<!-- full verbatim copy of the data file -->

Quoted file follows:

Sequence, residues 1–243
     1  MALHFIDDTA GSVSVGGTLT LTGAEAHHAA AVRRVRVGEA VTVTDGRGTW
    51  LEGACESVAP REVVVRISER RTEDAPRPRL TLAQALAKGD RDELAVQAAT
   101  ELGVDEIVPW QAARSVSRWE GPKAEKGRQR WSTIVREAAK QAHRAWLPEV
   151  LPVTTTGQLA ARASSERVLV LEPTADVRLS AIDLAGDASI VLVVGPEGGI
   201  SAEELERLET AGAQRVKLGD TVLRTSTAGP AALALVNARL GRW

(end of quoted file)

Sequence, residues 1–243
     1  MALHFIDDTA GSVSVGGTLT LTGAEAHHAA AVRRVRVGEA VTVTDGRGTW
    51  LEGACESVAP REVVVRISER RTEDAPRPRL TLAQALAKGD RDELAVQAAT
   101  ELGVDEIVPW QAARSVSRWE GPKAEKGRQR WSTIVREAAK QAHRAWLPEV
   151  LPVTTTGQLA ARASSERVLV LEPTADVRLS AIDLAGDASI VLVVGPEGGI
   201  SAEELERLET AGAQRVKLGD TVLRTSTAGP AALALVNARL GRW